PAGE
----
Melvin Beaunorus Tolson is an African-American Modernist poet, educator, columnist, and playwright whose work concentrated on the experience of African- Americans and includes several poetic histories. He lived during the Harlem Renaissance and, although he was not a participant, his work reflects its influences.
Tolson’s year at Columbia University from 1931 to 1932 on a Rockefeller Foundation scholarship put him in Harlem at the end of the Harlem Renaissance thus his becoming friendly with many of the writers who were associated with it most notably Langston Hughes and got inspired to develop his poetic talent.
In many of his poems, therefore, Tolson would revisit the atmosphere of Harlem in the 1930’s. Inspired by the achievements of people like Hughes who were around him Tolson resolved to contribute to the proud legacy black writers were establishing.
His earlier collection Rendezvous and Gallery reflects the early influence of Walt Whitman, Edgar Lee Masters and Langston Hughes thus highlighting Tolson’s proletarian convictions and optimistic spirit. This later became evident in his interest in the themes of black dignity as in his elaboration of multiracial diversity in America…These must have led to the West African Republic of Liberia declaring him its poet laureate in 1947.
Born in 1900 in Moberly, Missouri, Melvin Tolson was the son of a Methodist minister and an Afro-Greek mother who was a seamstress. He was thus raised in a Methodist Episcopal household with his father a reverend who had taught himself classical languages. He moved around a circuit of small mid-western towns along with his parents between various churches in the Missouri and Iowa area until finally settling in the Kansas City area. He lived in a home of contradictions. His father who had an eighth grade education was sceptical of the value of college education, but he still instilled in his son a strong desire for knowledge.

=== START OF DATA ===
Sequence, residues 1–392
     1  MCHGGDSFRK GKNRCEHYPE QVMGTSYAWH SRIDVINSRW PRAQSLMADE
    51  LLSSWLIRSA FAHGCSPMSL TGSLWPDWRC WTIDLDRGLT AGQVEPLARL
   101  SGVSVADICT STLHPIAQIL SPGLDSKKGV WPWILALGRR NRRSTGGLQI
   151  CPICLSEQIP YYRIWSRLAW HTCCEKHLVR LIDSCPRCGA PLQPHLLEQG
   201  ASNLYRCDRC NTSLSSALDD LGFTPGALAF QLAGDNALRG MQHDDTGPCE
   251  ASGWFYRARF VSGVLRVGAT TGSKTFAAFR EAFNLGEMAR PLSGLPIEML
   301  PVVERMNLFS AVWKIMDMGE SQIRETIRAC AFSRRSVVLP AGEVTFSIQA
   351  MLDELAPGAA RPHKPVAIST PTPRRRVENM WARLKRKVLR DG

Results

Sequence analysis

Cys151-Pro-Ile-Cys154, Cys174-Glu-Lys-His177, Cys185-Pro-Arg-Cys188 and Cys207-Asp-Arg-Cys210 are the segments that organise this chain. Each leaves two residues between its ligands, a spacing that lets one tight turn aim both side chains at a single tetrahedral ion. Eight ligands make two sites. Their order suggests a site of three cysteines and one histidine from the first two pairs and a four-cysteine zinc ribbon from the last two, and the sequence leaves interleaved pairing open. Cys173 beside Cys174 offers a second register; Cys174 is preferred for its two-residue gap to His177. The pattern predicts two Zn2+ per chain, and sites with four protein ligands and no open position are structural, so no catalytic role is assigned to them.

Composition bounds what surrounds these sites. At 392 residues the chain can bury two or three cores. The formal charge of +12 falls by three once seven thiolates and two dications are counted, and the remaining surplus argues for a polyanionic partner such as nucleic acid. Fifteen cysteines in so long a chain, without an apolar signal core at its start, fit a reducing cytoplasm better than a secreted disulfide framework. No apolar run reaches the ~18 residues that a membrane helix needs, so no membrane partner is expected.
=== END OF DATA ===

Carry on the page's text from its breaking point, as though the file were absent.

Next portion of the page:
As a boy he enjoyed painting but was forced to give it up by his mother’s disapproval of a bohemian artist who wanted to take him along with him to Paris. So turning to poetry, he found an appropriate outlet for his creativity. At the age of 14 he had his first poem “The Wreck of the Titanic” published in the local newspaper of Oskaloosa, Iowa. Next at Kansas City in 1911 he got elected senior class poet.
He graduated from Lincoln High School in Kansas City in 1919 and enrolled in Fisk University but transferred to Lincoln University that year for financial reasons. There he met Ruth Southall and married her on the 29th of January 1922. Tolson graduated with honors in 1924, then moved to Marshall, Texas, to teach speech and English at Wiley College.